Wednesday 30 August 2023

Rose-tinted memories, mis-remembered by some, forgotten by others

The Old Devils A few years ago a university friend attempted to reunite our old gang. The response was somewhat unenthusiastic. Rose-tinted memories resurfaced, mis-remembered by some, forgotten by others. Thank goodness it didn't go ahead, unlike the reunion of The Old Devils in Kingsley Amis's novel.

The book begins with the news that Rhiannon and Alun Weaver have decided to retire to Wales, where their old chums live. Gwen Cellan-Davies, remarks ominously to her husband Malcom, "You know, I don't think that news about the Weavers is good news for anyone." I had to agree.

Many reviewers find the story humorous, but on reaching the end you may consider the satire to be often cruel, sometimes overdone, even tragic. Wales and Welsh culture often bear the brunt, as when Rhiannon and Alun arrive in South Wales by train. They "went outside and stood where a sign used to say Taxi and now said Taxi/Tacsi for the benefit of Welsh people who had never seen a letter X before." There's a lot of dislike for fictional poet Brydon (supposedly based on Dylan Thomas who was a particular bugbear for Amis). After a time this became tediously repetitive.

You have to laugh about some things tho', especially if, like the characters, you've reached the age of 60. Certain problems begin to manifest themselves, and life is best borne by chuckling at them. Malcolm's daily ritual of going to the loo for instance, when success is a "signal for him to sit to attention and snap a salute". As for Peter, we discover he prefers to cut his toe nails in the garden, where "he could let the parings fly free, and fly they bloody well did, especially the ones that came crunching off his big toes, which were massive enough and moved fast enough to have brought down a sparrow on the wing..." Both these descriptions made me smile.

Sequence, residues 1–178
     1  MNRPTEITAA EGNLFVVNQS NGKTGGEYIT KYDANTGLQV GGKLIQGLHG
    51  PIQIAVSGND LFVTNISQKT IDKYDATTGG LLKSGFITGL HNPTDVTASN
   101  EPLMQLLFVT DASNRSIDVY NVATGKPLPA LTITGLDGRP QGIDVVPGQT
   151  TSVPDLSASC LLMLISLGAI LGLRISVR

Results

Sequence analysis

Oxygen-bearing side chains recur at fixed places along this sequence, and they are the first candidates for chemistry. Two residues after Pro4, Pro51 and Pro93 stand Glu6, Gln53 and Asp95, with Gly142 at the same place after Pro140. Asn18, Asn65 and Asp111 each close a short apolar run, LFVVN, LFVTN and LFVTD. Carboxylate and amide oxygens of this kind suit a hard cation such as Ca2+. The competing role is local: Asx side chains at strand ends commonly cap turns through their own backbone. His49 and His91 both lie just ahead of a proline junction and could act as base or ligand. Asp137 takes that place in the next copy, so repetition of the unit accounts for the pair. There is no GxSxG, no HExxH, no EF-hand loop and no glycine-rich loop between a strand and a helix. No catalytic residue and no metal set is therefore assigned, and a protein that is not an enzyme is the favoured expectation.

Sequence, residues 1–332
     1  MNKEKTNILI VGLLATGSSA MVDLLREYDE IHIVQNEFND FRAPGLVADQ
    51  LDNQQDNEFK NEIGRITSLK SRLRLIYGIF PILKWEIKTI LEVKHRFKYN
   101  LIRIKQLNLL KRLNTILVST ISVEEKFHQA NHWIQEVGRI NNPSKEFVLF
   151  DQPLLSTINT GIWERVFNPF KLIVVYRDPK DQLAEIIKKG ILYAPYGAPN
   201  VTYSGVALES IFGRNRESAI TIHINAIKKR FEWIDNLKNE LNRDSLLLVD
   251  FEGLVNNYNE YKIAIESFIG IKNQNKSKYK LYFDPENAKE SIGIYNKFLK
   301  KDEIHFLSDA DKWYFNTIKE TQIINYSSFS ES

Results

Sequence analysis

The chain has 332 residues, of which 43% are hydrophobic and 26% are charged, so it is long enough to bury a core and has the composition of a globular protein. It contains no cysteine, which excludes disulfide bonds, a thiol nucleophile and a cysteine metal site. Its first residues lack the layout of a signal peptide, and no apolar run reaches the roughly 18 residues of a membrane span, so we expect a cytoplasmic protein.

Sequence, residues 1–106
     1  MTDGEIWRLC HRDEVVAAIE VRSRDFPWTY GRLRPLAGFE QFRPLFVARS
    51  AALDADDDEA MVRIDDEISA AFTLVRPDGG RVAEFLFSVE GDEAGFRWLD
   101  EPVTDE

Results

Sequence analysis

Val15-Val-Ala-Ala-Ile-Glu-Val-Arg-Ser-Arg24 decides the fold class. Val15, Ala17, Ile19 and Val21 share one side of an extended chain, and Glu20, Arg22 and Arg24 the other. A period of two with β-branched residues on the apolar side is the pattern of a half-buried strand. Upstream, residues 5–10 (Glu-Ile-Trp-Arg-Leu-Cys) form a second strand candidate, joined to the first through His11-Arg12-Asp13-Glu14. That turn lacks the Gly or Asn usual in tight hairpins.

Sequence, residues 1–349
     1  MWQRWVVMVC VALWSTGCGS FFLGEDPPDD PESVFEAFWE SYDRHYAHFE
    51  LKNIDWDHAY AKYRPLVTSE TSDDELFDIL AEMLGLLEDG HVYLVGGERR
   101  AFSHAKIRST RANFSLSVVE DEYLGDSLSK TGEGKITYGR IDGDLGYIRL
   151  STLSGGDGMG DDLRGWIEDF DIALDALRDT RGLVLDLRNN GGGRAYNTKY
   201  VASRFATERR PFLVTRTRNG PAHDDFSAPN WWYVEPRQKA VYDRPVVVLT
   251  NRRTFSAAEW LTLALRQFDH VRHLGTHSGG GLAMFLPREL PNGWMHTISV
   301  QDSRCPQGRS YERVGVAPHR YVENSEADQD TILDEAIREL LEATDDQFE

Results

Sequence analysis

For this reader tho' the portrayal of excessive drinking and alcoholism was depressing rather than funny. The majority of the senior characters have no other interests than spending most nights in the pub downing beer and spirits (men), or at a friend's house polishing off a few bottles of wine (women).

There's a happy ending of sorts, but I've enjoyed other humorous books much more. For loveable characters I preferred Three Men in a Boat's laugh-out-loud antics, and Good Behaviour's complicated yet funny older woman was more intriguing. Still, if you're a middle-class Brit who's nearing retirement age you might read the book as a cautionary tale.

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